After many years, I performed a Mini Carnatic Vocal Concert as a part of Saveca’s Diwali festival. For the past five years, most of my musical performing has been singing for dance – something that is slowly becoming second nature to me. Considering I only had a real week of practicing after my trip to Colombia, and I didn’t have time to get any feedback from my teachers or my musical seniors prior to the concert, I was pretty happy with the way it turned out. Over the past 5 years I have come a long way, but I still have a long way to go. I’m looking forward to the journey.
Note: I wasn’t able to download all the pieces, including my main raagam, but I hope you enjoy this excerpt.
A few years ago, my mami introduced me to a set of CD’s titled “Sacred Chants”. The CD’s are comprised of simple bhajans & shlokas, rendered by a group of woman singing in beautiful harmony, accompanied by modern instruments. The music really takes you to a different place. This song, titled Krishnashtakam is a shloka about Krishna. My rendition doesn’t have instruments, though I did use a second layer to add in some harmony. I had actually recorded this over two years ago, using my old lenovo laptop & mike, back when I was in University. It was a very nice discovery :)
Vasu deva sutham devam
Devaki paramaa nandham
Krishnam vandhe jagathgurum
This past summer I sang for a Bharathanatyam Arangetram, a ‘graduation’ solo performance of a classical Indian dancer who has been training for many years. What originally was a daunting task has now become a summer staple. I have been learning Carnatic music for nearly 15 years, and Bharathanatyam for over 10, so singing for dance was a natural next step.
The first clip is a Ganesh Song that I sang to kick off the performance. The song Sri Mahaganapathim Bhaje Hum is in raagam Ataana.
The second song is a Bengali Song Nrityero Tale Tale, which was chosen specifically for the Bengali Student. This is a beautiful Rabindra Sangeet, which was definitely my pride and joy of the concert. It was my first Rabindra Sangeet, my first song in Bengali, and my ‘source’ was a YouTube Video. I had to listen to each word very carefully, and enlist some Bengali family friends to help me with my diction.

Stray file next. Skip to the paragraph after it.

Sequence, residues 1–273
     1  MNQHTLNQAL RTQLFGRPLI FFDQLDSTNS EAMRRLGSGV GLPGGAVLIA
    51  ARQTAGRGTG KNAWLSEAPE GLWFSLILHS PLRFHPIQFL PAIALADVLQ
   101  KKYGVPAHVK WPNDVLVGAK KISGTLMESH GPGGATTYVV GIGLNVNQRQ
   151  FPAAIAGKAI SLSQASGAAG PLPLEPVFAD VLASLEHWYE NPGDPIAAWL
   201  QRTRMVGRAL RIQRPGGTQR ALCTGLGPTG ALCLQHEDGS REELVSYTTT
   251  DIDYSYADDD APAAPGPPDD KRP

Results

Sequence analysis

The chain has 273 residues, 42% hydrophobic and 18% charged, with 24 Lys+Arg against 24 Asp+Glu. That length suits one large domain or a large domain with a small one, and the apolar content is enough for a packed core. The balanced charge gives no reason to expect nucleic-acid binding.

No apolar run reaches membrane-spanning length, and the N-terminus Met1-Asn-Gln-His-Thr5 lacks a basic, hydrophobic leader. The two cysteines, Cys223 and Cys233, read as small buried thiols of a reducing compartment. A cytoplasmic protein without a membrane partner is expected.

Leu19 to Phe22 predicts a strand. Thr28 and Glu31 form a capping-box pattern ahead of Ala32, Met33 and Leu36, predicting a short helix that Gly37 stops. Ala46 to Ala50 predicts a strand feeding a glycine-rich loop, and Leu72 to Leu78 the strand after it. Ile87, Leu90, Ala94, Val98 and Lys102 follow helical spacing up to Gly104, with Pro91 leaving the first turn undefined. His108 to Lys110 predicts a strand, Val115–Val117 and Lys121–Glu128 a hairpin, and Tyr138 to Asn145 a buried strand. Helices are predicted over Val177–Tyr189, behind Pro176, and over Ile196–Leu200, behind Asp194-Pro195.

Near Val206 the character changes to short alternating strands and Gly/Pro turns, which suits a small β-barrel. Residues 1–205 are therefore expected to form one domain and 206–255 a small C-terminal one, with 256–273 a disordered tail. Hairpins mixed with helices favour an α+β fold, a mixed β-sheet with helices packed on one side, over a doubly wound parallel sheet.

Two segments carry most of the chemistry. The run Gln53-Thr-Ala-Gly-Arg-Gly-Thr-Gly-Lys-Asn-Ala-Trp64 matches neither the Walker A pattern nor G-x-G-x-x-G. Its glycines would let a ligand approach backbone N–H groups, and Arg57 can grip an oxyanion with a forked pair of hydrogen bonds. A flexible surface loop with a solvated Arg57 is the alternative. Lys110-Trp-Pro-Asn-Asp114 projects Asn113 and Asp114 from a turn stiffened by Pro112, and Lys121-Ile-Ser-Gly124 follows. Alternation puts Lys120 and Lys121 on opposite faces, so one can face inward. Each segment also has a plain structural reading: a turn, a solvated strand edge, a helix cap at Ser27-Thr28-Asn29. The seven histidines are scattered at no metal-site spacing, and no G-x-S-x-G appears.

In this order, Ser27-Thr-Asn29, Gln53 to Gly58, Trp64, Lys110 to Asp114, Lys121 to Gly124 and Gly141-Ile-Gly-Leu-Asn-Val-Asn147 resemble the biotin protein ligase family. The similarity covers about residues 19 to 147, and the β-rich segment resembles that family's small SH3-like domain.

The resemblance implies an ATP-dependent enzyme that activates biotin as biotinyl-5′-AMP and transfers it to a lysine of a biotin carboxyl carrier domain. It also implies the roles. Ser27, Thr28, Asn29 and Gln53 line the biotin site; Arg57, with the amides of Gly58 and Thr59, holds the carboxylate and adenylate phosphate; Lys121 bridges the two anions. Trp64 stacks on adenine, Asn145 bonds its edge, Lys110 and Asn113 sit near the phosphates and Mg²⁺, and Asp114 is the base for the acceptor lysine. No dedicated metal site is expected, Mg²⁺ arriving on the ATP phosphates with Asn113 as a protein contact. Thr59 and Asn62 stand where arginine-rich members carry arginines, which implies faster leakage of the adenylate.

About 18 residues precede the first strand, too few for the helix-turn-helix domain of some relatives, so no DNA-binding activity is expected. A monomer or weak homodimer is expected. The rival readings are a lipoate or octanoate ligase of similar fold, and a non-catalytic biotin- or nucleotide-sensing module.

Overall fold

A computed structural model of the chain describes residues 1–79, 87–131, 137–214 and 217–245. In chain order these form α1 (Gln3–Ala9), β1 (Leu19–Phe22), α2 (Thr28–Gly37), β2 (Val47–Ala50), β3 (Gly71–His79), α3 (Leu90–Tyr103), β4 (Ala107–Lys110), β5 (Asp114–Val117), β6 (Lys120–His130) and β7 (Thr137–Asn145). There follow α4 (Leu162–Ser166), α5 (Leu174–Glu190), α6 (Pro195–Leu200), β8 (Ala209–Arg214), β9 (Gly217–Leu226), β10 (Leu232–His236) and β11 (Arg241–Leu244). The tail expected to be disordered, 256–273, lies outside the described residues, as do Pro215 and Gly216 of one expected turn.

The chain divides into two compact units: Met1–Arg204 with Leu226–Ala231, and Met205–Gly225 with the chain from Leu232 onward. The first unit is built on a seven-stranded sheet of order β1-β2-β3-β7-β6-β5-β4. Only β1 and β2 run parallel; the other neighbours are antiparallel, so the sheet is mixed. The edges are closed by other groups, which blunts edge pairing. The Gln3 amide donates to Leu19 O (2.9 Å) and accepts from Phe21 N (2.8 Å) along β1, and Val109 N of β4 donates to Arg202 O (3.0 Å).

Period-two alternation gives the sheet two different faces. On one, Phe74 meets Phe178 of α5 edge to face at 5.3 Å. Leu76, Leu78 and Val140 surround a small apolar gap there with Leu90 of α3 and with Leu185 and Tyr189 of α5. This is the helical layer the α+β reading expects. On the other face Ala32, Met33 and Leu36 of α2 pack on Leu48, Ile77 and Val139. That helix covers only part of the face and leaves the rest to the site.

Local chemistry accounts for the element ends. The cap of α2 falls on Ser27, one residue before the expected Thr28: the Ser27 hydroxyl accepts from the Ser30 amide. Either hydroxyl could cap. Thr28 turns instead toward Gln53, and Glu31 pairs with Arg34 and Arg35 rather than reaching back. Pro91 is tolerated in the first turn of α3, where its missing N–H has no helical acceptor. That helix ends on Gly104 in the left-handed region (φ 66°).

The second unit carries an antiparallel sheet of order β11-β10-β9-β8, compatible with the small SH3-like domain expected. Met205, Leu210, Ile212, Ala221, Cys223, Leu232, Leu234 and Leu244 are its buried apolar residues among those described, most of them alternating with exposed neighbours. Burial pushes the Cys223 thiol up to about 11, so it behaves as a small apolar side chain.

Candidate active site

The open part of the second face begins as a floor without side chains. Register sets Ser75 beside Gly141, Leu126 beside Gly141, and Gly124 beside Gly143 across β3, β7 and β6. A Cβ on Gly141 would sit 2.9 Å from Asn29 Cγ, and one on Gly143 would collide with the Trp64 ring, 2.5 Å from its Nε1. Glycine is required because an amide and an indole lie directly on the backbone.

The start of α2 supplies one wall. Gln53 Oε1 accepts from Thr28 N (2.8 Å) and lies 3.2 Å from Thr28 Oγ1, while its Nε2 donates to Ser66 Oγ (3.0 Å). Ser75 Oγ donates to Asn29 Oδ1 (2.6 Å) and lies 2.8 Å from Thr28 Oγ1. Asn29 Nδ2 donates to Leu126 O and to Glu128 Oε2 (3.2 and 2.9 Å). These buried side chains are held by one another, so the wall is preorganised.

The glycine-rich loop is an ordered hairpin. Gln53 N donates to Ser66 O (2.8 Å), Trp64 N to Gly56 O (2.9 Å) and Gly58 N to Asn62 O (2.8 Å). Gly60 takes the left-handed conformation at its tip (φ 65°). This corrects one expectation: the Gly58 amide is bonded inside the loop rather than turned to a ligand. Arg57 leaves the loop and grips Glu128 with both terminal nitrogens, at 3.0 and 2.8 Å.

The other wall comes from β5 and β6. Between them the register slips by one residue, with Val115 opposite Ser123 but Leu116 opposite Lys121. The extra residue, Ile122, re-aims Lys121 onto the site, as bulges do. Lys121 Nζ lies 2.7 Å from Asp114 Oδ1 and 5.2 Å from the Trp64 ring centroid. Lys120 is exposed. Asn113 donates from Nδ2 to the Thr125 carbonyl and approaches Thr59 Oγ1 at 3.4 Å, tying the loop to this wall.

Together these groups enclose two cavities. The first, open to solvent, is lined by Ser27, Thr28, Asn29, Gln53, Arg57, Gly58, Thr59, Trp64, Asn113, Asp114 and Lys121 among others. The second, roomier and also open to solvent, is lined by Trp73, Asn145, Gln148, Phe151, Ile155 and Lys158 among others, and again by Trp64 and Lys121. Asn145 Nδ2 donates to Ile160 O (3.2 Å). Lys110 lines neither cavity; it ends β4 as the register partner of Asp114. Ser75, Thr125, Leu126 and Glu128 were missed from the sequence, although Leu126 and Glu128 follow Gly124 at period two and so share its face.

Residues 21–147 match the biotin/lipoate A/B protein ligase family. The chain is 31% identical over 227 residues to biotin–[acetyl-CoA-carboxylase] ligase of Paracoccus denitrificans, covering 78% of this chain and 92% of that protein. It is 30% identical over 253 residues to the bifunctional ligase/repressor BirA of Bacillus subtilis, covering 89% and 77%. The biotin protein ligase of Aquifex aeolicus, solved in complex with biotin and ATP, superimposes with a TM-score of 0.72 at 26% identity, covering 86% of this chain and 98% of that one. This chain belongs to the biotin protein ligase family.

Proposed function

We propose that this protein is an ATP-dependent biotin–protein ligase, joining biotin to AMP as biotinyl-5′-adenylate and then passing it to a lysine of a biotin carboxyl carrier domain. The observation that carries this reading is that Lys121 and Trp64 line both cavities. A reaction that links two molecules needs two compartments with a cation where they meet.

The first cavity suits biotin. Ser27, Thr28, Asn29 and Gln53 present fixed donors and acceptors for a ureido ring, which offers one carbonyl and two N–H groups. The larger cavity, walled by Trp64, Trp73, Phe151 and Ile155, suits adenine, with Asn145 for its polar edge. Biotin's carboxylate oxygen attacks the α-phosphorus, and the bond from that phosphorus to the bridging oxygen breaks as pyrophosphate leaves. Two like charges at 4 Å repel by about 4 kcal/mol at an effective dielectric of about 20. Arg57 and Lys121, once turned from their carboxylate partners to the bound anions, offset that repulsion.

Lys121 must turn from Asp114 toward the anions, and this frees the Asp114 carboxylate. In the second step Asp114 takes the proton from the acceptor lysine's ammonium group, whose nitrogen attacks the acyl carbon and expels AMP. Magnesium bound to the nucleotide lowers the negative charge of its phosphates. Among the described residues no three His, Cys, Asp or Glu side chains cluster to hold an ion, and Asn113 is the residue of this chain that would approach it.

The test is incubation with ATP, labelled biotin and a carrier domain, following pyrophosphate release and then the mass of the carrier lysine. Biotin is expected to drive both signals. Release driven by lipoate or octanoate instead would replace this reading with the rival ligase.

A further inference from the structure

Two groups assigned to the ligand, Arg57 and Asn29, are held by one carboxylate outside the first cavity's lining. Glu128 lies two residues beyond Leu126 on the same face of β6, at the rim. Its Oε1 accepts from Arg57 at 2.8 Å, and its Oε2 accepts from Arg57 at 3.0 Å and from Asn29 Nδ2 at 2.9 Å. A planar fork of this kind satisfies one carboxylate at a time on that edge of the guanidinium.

The next is an excerpt of two other songs that I sang.
I have already signed up for an Arangetram next summer, so there will be more to come :)
A few months ago, I attended a Bombay Jayashri kacheri (concert) at a Kannada temple, and LOVED “Raagi Thandhira” in Revati Raagam. I promptly learnt the song using YouTube, and though I probably don’t do justice to it, I still enjoy singing it.
The composer Purandaradasa starts with the simple meaning of the word Raagi (grain), asking for grain. He then plays on the world raagi to delve into a deeper meaning, basically asking to attain “moksha”
One of my huge music obsessions is “light” carnatic music. This includes songs in raagams such as Kapi, Desh, or Hamir Kalyani, and a wide variety of carnatic fusion music.
During the height of my ‘obsession’ last summer, I discovered “Anil Srinivasan” through the Sikkil Gurucharan Website. I listened to “Sarvam” on the Gurucharan home page and wanted more. I turned to deezer.com, where I found two full albums of Sikkil Gurucharan and Anil Srinivasan, which I have listened to on repeat many times. I also found Anil Srinivasan’s Gallery on his own website. Unfortunately, I haven’t been able to find any of the CDs in the Canadian stores, or I would definitely purchase them.
When it comes to light and soothing carnatic music, this is possibly the best that I have ever heard.
I used my lenovo mike and audacity to record “Ksheerabdhi” onto my computer, and on a new track, I added my own voice in. I used the “noise removal” effect to clean up the sound a little bit. It was a one shot recording, so it’s not even near perfect, but I loved singing with the piano!
So here it is, a “collaboration” with Anil Srinivasan, featuring singers Subiksha Rangarajan, and me!
ksheerabdi kanyakaku sree maha lakshmikini